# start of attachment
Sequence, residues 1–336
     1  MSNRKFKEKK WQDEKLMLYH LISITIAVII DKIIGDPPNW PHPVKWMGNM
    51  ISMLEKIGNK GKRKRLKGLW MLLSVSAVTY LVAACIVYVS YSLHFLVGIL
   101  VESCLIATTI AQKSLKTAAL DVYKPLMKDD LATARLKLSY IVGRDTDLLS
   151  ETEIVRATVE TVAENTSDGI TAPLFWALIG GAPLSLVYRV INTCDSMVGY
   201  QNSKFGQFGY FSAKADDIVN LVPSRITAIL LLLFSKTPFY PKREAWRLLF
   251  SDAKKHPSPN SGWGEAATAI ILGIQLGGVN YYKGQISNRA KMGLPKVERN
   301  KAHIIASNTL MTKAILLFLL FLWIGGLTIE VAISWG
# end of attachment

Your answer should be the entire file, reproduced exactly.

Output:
Sequence, residues 1–336
     1  MSNRKFKEKK WQDEKLMLYH LISITIAVII DKIIGDPPNW PHPVKWMGNM
    51  ISMLEKIGNK GKRKRLKGLW MLLSVSAVTY LVAACIVYVS YSLHFLVGIL
   101  VESCLIATTI AQKSLKTAAL DVYKPLMKDD LATARLKLSY IVGRDTDLLS
   151  ETEIVRATVE TVAENTSDGI TAPLFWALIG GAPLSLVYRV INTCDSMVGY
   201  QNSKFGQFGY FSAKADDIVN LVPSRITAIL LLLFSKTPFY PKREAWRLLF
   251  SDAKKHPSPN SGWGEAATAI ILGIQLGGVN YYKGQISNRA KMGLPKVERN
   301  KAHIIASNTL MTKAILLFLL FLWIGGLTIE VAISWG